The Register

February 22, 1899

Reminiscences.

The first Baptist Association in Nova Scotia was formed at Granville in
the year 1800. The Rev. George Dimock , of Newport, was present at the
formation of the association. Mr. Dimock died on the 30th Sept., 1865,
and was the last one removed by death who was present at Granville
nearly one hundred years ago.

On the 17th July, 1817, the ordination of Rev. Charles Tupper, father of
Sir Charles, took place at Canard, Kings Co. There were only two
delegates present to take part in the ordination, Revs. Edward Manning
and Theodore Seth Harding, the latter of whom was considered at that
time one of Nova Scotia’s most eloquent preachers. The nearest Baptist
churches then were Newport and Nictaux. In the distance now embraced
within these two localities in Hants and Annapolis Counties there are a
large number of Baptist churches and congregations.

Fifty years ago next autumn the Micmac Missionary society was formed and
work commenced among the aborigines of Nova Scotia. Dr. Rand was the
faithful missionary employed and he found that no translation of the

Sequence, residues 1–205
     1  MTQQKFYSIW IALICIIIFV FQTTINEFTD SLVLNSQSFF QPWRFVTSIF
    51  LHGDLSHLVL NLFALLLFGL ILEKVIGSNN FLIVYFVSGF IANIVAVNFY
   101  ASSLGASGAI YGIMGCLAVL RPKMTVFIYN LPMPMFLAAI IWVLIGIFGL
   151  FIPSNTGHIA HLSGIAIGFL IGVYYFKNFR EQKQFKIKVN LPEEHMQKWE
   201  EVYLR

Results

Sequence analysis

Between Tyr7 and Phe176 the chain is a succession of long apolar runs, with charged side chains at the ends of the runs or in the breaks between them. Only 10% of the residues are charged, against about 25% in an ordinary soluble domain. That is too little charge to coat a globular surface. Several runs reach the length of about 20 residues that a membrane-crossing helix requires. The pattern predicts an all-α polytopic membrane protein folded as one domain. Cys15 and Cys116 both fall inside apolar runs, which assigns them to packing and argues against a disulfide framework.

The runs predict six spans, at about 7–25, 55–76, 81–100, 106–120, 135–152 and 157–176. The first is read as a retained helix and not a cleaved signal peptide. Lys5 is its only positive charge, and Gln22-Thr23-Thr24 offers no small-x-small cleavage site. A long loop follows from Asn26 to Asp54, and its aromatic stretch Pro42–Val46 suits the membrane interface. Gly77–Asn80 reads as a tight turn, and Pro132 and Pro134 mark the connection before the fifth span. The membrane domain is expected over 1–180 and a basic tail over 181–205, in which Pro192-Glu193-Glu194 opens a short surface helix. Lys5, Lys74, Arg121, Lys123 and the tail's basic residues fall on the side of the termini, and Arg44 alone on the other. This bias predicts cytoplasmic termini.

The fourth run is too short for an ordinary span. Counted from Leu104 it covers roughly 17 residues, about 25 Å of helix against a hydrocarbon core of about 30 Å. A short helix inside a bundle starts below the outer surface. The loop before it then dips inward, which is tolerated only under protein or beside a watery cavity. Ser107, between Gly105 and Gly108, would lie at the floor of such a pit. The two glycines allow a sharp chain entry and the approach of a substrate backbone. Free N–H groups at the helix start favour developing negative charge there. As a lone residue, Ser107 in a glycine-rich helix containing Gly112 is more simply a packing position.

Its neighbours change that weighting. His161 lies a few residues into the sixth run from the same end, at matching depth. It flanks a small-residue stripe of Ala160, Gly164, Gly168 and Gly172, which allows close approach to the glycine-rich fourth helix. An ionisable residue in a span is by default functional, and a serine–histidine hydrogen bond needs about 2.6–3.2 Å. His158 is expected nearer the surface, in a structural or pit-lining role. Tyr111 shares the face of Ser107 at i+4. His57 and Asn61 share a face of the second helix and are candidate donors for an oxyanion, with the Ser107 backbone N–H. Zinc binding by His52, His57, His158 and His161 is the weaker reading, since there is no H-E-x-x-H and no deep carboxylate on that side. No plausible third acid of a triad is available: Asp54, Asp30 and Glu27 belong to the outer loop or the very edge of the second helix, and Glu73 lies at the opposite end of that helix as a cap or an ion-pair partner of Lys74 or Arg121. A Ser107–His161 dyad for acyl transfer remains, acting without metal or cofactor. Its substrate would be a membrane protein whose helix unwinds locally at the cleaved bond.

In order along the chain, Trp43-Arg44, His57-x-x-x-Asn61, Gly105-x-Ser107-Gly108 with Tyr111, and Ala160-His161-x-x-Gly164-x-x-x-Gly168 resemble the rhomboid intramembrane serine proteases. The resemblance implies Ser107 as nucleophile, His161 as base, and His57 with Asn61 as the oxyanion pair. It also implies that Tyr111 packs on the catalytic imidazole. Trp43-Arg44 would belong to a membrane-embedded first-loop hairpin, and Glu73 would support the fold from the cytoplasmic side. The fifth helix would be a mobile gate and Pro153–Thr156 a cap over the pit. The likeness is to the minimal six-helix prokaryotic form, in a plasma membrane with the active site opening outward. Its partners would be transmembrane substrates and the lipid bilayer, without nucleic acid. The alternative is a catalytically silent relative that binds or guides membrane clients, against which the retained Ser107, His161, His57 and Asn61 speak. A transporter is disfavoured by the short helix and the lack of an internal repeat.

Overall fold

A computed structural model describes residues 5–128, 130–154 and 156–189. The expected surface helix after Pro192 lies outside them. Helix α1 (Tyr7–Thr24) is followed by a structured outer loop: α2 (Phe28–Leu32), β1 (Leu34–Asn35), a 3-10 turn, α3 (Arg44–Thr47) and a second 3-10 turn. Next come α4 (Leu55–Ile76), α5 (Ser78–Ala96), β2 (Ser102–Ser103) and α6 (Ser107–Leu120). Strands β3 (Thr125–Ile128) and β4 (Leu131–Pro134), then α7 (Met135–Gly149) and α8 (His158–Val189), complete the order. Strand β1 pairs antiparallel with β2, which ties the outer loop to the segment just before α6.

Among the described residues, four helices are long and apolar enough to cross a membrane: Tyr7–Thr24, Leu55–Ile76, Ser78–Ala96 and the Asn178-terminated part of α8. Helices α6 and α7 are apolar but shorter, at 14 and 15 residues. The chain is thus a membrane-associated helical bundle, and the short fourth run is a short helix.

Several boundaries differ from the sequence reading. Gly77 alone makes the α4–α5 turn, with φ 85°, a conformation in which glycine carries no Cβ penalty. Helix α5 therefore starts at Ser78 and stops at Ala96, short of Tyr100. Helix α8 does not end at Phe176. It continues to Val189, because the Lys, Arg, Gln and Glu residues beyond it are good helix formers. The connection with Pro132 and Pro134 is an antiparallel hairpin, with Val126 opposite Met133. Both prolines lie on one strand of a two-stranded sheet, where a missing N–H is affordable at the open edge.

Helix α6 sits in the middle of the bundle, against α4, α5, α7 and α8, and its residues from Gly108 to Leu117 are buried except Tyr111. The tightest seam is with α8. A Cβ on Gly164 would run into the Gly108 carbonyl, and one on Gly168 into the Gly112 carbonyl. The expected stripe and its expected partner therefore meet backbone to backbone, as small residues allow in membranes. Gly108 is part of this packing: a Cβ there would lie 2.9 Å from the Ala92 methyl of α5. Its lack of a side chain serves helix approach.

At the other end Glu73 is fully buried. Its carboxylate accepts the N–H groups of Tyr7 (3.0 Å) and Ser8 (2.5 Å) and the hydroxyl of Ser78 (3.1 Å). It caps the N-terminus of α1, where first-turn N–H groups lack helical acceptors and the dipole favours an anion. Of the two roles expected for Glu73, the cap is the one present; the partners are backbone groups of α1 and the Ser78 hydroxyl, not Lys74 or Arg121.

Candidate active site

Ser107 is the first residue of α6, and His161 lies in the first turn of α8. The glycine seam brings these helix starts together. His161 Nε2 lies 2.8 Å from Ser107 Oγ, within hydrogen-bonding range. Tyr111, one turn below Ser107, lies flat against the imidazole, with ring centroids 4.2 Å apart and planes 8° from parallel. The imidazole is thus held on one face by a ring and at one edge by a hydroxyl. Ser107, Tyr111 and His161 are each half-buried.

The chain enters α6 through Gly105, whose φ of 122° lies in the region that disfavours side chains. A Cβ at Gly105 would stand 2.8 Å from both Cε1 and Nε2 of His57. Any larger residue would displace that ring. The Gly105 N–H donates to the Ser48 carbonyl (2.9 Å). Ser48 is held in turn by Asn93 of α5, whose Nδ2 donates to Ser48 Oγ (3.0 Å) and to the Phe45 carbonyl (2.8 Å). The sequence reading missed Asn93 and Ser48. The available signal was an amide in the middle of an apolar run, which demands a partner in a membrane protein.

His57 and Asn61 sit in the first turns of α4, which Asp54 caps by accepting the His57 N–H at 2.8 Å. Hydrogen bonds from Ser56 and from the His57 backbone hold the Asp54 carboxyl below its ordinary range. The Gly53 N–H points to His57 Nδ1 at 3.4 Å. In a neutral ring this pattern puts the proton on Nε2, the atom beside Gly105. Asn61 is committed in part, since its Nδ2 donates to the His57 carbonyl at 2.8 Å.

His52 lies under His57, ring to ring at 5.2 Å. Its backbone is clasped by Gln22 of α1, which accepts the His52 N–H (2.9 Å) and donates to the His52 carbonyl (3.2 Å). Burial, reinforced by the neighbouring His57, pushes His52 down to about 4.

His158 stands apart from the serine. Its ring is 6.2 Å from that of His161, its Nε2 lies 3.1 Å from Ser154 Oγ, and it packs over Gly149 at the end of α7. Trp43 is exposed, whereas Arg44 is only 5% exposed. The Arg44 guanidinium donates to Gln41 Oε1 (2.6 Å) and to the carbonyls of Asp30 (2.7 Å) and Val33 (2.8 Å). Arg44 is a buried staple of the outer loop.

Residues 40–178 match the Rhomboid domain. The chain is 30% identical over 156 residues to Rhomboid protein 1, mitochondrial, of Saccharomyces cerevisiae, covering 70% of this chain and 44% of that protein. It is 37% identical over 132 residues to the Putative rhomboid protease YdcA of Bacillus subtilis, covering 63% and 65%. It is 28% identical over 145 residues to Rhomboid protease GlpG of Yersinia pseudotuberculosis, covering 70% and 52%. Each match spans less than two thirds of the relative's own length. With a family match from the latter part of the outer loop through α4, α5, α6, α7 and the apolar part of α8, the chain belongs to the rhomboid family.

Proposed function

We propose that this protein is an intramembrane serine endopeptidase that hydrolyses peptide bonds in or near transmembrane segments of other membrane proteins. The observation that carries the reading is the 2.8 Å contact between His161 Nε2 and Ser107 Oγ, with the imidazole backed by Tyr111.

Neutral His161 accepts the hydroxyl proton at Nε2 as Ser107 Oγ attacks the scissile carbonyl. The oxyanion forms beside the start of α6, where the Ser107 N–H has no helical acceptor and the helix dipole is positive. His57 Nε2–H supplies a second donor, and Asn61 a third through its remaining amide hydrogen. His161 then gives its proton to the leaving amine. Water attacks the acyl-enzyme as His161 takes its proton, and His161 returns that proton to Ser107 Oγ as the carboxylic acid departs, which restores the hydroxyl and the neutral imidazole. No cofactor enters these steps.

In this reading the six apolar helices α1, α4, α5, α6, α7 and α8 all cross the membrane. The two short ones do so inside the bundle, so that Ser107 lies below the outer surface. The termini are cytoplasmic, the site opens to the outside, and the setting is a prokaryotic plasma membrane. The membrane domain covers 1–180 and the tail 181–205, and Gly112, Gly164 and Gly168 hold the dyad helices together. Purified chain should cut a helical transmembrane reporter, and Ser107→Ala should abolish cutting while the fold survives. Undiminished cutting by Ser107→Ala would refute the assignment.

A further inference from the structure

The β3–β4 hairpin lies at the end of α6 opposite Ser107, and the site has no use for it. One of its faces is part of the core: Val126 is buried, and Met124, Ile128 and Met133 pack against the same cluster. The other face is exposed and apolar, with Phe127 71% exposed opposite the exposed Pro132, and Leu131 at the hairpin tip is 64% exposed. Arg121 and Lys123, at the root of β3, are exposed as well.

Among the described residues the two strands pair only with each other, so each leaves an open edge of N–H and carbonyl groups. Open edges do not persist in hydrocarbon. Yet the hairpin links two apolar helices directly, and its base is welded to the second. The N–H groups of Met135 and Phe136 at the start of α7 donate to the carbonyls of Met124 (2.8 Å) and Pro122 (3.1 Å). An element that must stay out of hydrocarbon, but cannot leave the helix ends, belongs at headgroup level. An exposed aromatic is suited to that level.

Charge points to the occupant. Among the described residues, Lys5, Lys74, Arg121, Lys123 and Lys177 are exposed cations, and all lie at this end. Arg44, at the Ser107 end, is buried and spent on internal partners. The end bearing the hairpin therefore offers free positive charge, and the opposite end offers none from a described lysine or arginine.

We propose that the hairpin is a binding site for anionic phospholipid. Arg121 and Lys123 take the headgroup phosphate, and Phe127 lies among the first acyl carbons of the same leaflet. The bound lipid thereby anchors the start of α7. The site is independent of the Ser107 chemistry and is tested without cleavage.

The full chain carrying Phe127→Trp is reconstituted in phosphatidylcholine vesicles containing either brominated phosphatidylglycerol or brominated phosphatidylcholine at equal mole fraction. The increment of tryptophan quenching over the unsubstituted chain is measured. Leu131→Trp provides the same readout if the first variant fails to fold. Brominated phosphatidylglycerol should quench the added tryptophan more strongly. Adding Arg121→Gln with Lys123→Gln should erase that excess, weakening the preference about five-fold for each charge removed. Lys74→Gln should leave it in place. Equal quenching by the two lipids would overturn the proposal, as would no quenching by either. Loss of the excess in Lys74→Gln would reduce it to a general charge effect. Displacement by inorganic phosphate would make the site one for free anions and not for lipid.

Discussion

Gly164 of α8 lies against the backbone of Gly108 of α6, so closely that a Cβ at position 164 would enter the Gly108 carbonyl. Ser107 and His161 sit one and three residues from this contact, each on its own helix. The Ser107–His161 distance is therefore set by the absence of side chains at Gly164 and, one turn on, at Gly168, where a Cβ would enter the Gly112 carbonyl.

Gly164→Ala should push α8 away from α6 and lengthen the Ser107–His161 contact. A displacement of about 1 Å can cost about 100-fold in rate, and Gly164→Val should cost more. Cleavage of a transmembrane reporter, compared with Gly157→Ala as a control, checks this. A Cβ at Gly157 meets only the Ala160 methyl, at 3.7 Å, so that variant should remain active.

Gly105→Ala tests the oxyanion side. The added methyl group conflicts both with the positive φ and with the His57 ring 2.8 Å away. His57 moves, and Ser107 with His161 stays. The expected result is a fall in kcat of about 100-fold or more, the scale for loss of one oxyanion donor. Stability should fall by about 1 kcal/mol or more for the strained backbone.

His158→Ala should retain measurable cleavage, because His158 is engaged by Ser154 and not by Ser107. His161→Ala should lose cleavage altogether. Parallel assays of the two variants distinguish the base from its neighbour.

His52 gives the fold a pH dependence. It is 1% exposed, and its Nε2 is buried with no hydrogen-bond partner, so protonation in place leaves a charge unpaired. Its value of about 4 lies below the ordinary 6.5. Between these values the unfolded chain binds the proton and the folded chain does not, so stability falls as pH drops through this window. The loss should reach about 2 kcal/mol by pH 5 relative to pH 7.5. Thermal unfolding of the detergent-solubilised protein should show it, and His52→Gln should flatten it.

Scriptures existed in their tongue. Not ten Indians could be found who
understood English sufficiently to make anything of the plainest chapter
in the New Testament. In the winter of ’46 the first translation of a
passage of Scripture into Micmac was made, John III chap. 16th verse.
An old lady with a withered hand near Charlottetown helped Dr. Rand in
the translation.

In the month of August, 1866, the Baptist convention held its annual
session in Berwick. Delegates were present from New Brunswick, P. E.
Island and different sections of Nova Scotia, Canada and the United
States. The late Hon, Judge Johnston was present and made an effective
speech on Acadia College. He also gave an account of the early history
of Dalhousie College, Halifax, and feelingly stated that perhaps he
would not again address the convention. Thirty-three years have passed
away since this large gathering in Berwick and several who took part in
the proceedings are no longer on earth. Berwick at this season of the
year looked beautiful and was in all its splendor. Some of the
delegates present saw it for the first time and were loud in its
praises.


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